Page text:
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  1. A matrix can be interpreted as the representation of a linear mapping between two vector spaces under their chosen bases, the Gram matrix of a bilinear form on two vector spaces, and possibly other kinds of interpretation I don't know yet?
  2. I was wondering how to interpret a normal matrix (i.e. a square matrix $A$ s.t. $A^* A=AA^*$) in vector spaces?
  3. What kind of linear mappings is represented as a positive definite matrix under some possibly special basis?

Thanks and regards!

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What's the question in 1? That seems like a statement to me. –  Qiaochu Yuan Aug 19 '11 at 23:03
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I want to ask if there are other usual ways to interpret a matrix in vector space theory. –  Tim Aug 19 '11 at 23:11
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(2) "Another way of stating the spectral theorem is to say that normal matrices are precisely those matrices that can be represented by a diagonal matrix with respect to a properly chosen orthonormal basis of $\mathbb{C}^n$. Phrased differently: a matrix is normal if and only if its eigenspaces span $\mathbb{C}^n$ and are pairwise orthogonal with respect to the standard inner product." - Wikipedia. (3) Inner products define angles, so positive definite maps are those which never take a vector $90^\circ$ or more from itself. –  anon Aug 20 '11 at 0:20
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You might be interested in this question. –  Dylan Moreland Aug 20 '11 at 2:43
    
@anon, Dylan: Thanks for clarifying a lot. –  Tim Aug 20 '11 at 2:53

1 Answer 1

  1. A matrix always represents a linear transformation between two vector spaces, and every other use of a matrix in linear algebra is a special case of this. A bilinear form, being a bilinear map $V \times V \to k$, is the same as a linear map $V \to V^{\ast}$, for example.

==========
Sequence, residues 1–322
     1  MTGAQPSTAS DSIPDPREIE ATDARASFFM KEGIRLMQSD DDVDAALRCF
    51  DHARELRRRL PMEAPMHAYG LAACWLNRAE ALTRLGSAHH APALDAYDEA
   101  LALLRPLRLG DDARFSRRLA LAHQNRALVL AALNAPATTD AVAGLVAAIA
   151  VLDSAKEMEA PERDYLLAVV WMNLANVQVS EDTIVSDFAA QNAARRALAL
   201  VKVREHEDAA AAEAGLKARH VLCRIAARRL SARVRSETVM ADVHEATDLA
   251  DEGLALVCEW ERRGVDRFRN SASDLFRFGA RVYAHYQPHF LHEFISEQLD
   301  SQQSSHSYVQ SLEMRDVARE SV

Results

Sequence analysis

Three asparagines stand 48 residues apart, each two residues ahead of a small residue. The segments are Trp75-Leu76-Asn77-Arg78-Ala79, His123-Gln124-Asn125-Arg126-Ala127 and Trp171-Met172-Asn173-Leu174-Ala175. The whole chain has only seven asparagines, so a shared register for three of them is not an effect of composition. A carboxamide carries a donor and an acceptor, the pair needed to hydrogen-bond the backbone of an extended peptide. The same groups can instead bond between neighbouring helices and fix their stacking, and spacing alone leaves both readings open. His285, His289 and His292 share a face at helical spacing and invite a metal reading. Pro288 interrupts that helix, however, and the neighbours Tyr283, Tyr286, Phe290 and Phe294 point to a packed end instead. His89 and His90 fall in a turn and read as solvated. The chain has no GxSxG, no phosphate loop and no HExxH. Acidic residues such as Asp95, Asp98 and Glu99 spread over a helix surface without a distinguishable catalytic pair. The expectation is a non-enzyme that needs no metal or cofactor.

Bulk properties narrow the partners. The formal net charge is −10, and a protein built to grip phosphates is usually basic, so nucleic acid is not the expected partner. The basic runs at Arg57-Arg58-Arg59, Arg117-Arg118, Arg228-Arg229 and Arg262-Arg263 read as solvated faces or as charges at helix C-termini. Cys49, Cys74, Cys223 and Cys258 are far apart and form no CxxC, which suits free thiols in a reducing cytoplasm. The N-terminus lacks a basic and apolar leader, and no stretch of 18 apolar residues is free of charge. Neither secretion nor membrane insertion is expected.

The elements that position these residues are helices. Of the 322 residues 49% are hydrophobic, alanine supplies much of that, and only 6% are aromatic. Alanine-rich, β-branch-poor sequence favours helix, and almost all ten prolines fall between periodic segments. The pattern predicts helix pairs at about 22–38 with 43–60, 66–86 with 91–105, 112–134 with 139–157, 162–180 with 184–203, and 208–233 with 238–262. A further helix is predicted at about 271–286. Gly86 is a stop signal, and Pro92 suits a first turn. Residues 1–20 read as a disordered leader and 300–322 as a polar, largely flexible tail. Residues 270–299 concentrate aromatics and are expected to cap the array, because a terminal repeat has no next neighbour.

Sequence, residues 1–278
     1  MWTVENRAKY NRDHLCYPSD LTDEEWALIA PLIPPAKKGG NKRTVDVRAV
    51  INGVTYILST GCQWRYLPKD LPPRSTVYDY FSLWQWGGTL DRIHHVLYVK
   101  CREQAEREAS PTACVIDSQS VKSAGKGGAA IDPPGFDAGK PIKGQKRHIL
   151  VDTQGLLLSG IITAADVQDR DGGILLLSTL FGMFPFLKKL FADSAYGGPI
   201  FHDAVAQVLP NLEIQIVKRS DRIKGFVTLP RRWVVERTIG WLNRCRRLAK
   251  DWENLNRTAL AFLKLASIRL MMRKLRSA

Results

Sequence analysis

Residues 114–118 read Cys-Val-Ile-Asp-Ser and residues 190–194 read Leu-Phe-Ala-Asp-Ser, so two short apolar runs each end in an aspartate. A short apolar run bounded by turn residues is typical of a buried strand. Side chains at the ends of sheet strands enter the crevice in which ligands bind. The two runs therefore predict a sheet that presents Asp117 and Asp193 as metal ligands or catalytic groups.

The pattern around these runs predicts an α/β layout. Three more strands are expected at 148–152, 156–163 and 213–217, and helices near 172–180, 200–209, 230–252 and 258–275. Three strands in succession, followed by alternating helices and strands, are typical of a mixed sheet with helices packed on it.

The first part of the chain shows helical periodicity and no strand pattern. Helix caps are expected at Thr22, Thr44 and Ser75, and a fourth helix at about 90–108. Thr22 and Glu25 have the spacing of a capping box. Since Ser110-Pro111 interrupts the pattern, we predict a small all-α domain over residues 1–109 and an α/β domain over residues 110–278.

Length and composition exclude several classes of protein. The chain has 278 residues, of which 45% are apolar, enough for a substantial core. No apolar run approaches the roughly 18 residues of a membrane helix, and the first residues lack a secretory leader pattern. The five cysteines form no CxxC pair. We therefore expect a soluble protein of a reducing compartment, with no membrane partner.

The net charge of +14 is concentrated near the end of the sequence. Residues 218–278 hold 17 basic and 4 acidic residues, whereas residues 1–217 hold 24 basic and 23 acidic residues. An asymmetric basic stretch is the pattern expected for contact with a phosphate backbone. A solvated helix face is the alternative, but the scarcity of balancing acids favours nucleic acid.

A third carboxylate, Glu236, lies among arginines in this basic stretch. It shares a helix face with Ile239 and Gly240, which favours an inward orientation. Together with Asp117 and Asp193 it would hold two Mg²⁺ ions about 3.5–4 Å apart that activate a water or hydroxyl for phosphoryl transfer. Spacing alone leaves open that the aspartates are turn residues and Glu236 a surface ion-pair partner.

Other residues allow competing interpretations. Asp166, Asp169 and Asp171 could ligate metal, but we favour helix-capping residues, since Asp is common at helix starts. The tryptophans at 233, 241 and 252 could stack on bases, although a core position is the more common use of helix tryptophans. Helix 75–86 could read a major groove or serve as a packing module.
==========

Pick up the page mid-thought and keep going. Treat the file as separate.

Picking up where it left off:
2. Any matrix which is diagonalizable with orthogonal eigenvectors is necessarily normal. The spectral theorem says that the converse is true. Abstractly, the spectral theorem can be thought of as a statement about commutative $C^{\ast}$-algebras generated by an operator, especially in light of the Gelfand representation. This is the point of view that generalizes best to the infinite-dimensional situation.

  3. Positive-definiteness is properly thought of as a property of a bilinear form $V \times V \to \mathbb{R}$ (or a sesquilinear form, but let's ignore this case for now). It is possible to represent such a thing with a matrix since it is the same thing as a linear map $V \to V^{\ast}$, but note that these are not the same vector space.

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Thanks! As to 1, I think the Gram matrix of a bilinear form and the matrix of a linear transform $V\rightarrow V^*$ induced by the bilinear from are different, so the usage of a matrix as a Gram matrix of a bilinear from and the usage of a matrix as that of a linear mapping are different. As to 3, I meant to ask what kind of special linear mapping a positive definite matrix directly represent, instead of indirectly by viewing the matrix as Gram matrix of a bilinear form and then considering the linear mapping induced by the form. Anon's comment on this might be in the right direction. –  Tim Aug 20 '11 at 2:45
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@Tim: 1. they are the same, if you equip $V$ with a basis $e_1, ... e_n$ and $V^{\ast}$ with the dual basis $e_1^{\ast}, ... e_n^{\ast}$. 2. Positive definite matrices should not be thought of as representing linear mappings, if by this you mean maps $V \to V$. They describe bilinear forms. –  Qiaochu Yuan Aug 20 '11 at 4:18

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